Many Tennessee residents become overwhelmed with credit card debt. When they can't keep up with the monthly payments, they may choose bankruptcy. Many people are aware of what bankruptcy does, but don't really understand how it works. Read on to find out what the process entails.
The first step is to obtain approval from the bankruptcy court. There are some restrictions in regards to debt limits depending on the type of bankruptcy you choose. Chapter 7 and 13 bankruptcies are available for consumers. If your bankruptcy is approved, you cannot be sued or threatened by creditors. The court issues an automatic stay, which is a protective order that prevents creditors from harassing you about debt repayment. The automatic stay remains in place until the court lifts it.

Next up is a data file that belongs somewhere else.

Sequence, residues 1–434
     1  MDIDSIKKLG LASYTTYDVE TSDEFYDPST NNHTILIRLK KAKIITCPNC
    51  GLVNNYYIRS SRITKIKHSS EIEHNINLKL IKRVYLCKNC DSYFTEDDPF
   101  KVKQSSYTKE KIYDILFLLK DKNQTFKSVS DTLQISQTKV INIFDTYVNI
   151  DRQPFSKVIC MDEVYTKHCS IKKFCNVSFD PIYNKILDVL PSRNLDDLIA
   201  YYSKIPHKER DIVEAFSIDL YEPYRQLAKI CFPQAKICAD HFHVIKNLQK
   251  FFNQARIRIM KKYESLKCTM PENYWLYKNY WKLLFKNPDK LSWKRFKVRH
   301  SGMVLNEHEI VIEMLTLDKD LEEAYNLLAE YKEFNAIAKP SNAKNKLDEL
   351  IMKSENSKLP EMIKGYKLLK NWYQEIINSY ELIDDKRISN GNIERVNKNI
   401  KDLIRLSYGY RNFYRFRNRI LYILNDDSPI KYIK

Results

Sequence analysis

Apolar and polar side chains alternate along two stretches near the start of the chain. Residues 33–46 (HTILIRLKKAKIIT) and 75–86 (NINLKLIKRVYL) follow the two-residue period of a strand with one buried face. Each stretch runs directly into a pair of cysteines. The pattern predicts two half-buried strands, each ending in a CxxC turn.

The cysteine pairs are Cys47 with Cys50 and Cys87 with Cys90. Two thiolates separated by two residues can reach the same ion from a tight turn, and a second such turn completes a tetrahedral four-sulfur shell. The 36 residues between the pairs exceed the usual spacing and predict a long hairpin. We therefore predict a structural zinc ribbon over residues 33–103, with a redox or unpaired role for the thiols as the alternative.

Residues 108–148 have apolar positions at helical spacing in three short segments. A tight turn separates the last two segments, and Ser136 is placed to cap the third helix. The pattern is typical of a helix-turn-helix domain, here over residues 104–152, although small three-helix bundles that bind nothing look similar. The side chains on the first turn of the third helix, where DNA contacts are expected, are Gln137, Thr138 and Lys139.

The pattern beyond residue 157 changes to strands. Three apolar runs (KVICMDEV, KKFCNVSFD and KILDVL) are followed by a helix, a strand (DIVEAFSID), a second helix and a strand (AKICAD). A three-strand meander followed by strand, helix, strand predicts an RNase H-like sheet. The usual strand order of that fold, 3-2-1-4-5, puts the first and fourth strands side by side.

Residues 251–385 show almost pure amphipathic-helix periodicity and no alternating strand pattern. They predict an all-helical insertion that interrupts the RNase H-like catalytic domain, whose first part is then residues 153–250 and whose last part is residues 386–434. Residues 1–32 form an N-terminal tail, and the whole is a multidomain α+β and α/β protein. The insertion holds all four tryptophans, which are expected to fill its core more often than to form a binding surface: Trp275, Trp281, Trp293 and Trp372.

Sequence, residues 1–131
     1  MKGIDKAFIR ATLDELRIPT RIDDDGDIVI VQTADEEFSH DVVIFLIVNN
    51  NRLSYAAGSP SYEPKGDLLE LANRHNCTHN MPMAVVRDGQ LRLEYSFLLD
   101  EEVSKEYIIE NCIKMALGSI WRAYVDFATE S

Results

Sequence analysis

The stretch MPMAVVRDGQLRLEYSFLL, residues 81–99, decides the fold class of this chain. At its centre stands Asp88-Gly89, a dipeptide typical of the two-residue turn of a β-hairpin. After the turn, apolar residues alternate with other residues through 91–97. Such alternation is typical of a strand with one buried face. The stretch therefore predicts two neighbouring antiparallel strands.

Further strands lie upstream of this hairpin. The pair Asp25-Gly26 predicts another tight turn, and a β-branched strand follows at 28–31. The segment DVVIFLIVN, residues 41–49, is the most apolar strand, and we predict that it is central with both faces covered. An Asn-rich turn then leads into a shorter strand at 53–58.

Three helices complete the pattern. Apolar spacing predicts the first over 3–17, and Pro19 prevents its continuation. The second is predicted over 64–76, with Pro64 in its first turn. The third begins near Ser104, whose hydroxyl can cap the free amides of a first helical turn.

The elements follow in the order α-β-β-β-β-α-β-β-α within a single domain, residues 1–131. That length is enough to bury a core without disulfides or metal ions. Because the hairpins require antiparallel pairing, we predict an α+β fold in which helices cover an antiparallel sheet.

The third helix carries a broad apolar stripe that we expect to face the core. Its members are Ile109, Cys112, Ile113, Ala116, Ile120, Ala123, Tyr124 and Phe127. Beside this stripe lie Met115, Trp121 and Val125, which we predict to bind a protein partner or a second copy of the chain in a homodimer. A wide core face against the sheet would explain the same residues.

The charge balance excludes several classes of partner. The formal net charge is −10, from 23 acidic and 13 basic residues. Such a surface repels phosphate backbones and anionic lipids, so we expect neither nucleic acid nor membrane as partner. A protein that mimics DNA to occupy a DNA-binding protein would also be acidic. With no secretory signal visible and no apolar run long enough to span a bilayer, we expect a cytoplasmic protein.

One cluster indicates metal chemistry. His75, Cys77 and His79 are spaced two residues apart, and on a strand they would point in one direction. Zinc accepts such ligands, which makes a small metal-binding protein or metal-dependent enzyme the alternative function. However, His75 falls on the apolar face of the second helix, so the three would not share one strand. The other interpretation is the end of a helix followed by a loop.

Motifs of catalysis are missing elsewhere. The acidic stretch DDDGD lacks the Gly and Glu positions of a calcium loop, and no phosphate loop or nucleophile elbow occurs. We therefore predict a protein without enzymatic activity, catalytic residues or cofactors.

If you choose Chapter 7, your assets will be liquidated so there is money to pay back creditors. Those who choose Chapter 13 may be able to keep a majority of their assets, but in return must create a repayment plan for approval. Chapter 7 can help eliminate some types of debt. Credit card debt and medical expenses may be wiped out, but those with student loan debt, tax debt, child support and alimony obligations won't be able to get those types of debts discharged. Creditors can challenge a discharge and may be able to force a consumer to pay it.
Most consumers prefer Chapter 7 because it discharges debts without having to repay them. But if you have smaller debt and more income, Chapter 13 may be the better option. A bankruptcy attorney can review your financial situation, determine the better option and walk you through the process.
Source: FindLaw, "Bankruptcy: Frequently Asked Questions," accessed April 25, 2015